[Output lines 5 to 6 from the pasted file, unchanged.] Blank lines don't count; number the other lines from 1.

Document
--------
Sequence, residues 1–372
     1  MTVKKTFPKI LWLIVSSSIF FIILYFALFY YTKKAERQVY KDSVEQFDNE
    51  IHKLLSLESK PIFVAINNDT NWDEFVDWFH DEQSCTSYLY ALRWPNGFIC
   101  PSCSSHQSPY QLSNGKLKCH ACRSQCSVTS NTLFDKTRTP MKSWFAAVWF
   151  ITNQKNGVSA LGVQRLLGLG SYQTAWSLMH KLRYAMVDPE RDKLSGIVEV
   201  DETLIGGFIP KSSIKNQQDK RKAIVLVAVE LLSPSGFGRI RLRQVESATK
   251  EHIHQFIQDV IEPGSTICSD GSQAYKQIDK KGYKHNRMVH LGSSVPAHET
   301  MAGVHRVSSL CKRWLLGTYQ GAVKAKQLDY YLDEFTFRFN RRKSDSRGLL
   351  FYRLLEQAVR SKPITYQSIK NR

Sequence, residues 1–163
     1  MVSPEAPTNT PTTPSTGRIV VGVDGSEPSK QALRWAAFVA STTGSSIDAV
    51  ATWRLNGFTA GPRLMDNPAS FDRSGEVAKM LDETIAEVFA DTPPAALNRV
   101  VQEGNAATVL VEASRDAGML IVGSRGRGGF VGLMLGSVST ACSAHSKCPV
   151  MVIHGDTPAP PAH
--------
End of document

   151  ITNQKNGVSA LGVQRLLGLG SYQTAWSLMH KLRYAMVDPE RDKLSGIVEV
   201  DETLIGGFIP KSSIKNQQDK RKAIVLVAVE LLSPSGFGRI RLRQVESATK